Now fully human, in Part Four Smith, taking advantage of what he has learned about religion and about manipulating "marks" as a carnie, founds his own "church."  While there is a lot of ritual and rigamarole, Smith's group is more of a commune (where people hang around naked and enjoy sex with multiple partners, unburdened by the irrational prejudice of jealousy) than a religion; in fact it exists primarily to teach people the Martian language.  (Heinlein describes the organization and workings of Smith's cult in the same sort of detail in which he would later describe the lunar revolutionary organization in The Moon is a Harsh Mistress.)  As people learn the Martian tongue, they begin to think more like Martians, which not only brings people closer together but has significant health benefits and confers on the best students some of the psychic powers Smith is always using.  Ben Caxton and Harshaw's entire household join Smith, forming much of the cult's inner circle.  But the success of Mike's movement raises the fears of the powers that be!

In Part Five Harshaw himself finally joins the cult, just in time to witness Smith's martyrdom at the hands of an angry mob.  Mike, of course, could have used his superpowers to survive the attack; we readers know his martyrdom is just a step in the cult's rise, and we are given every reason to believe that over the succeeding decades or centuries the Martian way will win over humanity and our descendents will be a peaceful and happy race of promiscuous nudists who have abandoned jealousy and technology.

Heinlein has a good style and the story moves along, but make no mistake; this is a (long) book about ideas, not about adventures or interpersonal relationship drama--I found it comfortable and interesting, not thrilling or gripping.  Long sections of the novel consist of legal wrangling between Earthborn lawyers or conversations about philosophy and religion, dialogue that is full of obvious sarcastic jokes, and the entire text is larded with references to art, literature, history, and psychology.  (Among the more subtle references is an homage to Chelsey Bonestell, while a reference to Dorothy Kilgallen that would have been obvious to 1961 readers may fly over 21st century readers' heads.)

As I read Stranger in a Strange Land, over fifty years after its debut, at the front of my mind was the book's massive popularity, its enduring reputation as one of the top five or ten SF novels, and its reach beyond the SF community; what about the book appealed to so many people so strongly?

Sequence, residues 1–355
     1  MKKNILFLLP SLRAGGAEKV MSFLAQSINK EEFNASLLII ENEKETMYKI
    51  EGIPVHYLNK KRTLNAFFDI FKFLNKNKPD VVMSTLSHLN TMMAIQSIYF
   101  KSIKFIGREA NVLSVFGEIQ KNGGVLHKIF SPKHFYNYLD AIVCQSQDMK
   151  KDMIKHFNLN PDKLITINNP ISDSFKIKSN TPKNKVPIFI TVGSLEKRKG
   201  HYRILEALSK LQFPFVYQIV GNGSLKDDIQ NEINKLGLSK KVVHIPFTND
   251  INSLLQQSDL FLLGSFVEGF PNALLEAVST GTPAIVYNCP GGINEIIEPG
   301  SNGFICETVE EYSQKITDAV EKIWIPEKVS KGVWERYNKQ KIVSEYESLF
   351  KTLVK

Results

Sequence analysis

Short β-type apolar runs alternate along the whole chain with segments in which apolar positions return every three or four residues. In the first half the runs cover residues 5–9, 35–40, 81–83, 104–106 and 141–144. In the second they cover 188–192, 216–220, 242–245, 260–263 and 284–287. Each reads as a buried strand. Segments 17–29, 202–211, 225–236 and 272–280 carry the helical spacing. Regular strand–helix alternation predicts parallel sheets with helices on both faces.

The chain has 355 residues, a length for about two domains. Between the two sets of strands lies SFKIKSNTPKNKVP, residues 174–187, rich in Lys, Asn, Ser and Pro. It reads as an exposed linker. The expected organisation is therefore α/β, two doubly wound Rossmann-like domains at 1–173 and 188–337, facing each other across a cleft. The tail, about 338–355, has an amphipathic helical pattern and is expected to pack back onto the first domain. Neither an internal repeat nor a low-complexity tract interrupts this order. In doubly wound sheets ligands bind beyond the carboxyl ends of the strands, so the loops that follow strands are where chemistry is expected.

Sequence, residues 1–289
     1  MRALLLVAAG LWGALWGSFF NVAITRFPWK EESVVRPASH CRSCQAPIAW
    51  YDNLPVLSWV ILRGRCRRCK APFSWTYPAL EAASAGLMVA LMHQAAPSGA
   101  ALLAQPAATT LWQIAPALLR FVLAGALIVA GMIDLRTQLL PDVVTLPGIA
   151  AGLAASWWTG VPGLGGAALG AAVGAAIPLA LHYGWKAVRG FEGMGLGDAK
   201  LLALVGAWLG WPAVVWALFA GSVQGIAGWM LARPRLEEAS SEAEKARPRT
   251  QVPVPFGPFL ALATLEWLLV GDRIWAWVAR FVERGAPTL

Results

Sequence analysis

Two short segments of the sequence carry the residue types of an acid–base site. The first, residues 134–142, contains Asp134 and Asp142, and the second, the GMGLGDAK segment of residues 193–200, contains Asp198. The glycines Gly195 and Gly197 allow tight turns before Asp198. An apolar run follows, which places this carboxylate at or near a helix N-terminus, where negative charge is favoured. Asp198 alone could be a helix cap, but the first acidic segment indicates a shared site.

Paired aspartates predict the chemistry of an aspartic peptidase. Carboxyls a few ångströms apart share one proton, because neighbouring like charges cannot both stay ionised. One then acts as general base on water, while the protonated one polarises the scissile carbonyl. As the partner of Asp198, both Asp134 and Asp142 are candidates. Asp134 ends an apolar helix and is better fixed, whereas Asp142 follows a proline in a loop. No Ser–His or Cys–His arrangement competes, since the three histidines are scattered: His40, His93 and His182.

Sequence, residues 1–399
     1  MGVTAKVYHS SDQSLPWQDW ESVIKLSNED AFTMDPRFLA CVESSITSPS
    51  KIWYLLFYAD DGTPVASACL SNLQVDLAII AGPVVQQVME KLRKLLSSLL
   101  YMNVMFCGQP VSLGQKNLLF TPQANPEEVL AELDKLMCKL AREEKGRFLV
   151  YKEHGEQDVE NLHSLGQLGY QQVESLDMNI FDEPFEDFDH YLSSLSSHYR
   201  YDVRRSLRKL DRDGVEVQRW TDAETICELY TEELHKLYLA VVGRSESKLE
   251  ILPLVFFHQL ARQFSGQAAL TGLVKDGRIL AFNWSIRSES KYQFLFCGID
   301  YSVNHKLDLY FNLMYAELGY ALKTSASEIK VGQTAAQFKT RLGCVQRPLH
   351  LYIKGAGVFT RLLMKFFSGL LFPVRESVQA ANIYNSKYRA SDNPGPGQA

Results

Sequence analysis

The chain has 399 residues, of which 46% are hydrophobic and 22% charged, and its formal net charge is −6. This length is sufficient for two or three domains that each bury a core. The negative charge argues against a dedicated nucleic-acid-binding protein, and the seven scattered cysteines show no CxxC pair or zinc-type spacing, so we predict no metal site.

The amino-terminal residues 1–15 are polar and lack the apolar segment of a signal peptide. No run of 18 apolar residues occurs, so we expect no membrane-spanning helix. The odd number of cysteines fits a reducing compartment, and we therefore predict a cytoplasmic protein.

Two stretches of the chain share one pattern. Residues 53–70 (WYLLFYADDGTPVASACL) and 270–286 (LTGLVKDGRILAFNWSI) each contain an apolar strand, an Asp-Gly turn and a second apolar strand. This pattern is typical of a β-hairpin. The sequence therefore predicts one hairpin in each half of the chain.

I've said that the book didn't thrill me, but my perspective is that of a middle-aged man living in permissive and licentious 2016, when things like divorce, abortion, sexual promiscuity, pornography and birth control have been normalized, even celebrated, and are a ubiquitous presence in the media and public discourse, a time when Christianity is a spent force that is routinely mocked or ignored. 1961 was a different world, a world in which, perhaps, young people would have been thrilled by a book that told them religion was a racket and monogamy was a foolish and unhealthy idea that should be jettisoned tout suite.  Maybe early '60s readers got a thrill from Stranger like the thrill people of today get from TV shows, comedians and art that are "transgressive" or "politically incorrect," art which questions or ridicules accepted norms and cultural elites.

One reason I found the novel more appealing than many satires is that, even though it is telling you that the institutions of our society are a scam and our bedrock morals are in fact inimical to our happiness, it isn't bitter or condemnatory; many of the characters that at first come across as villains or knaves are later shown to have a good side, to be essentially decent people.  Douglas and the astrologer, for example, end up providing valuable support to Smith.  The novel even tells you that the most important message of religion, that your soul survives death and that you will live forever, is true--there are several scenes which take place in the afterlife, in which it is made clear that supernatural beings are looking out for the human race, guiding us to enlightenment. Stranger in a Strange Land is not angry or despairing or dismissive, it is confident and hopeful--when Mike is killed his water-brothers are not discouraged or brokenhearted because they know their friend is alive in another realm and that their movement is fated to succeed.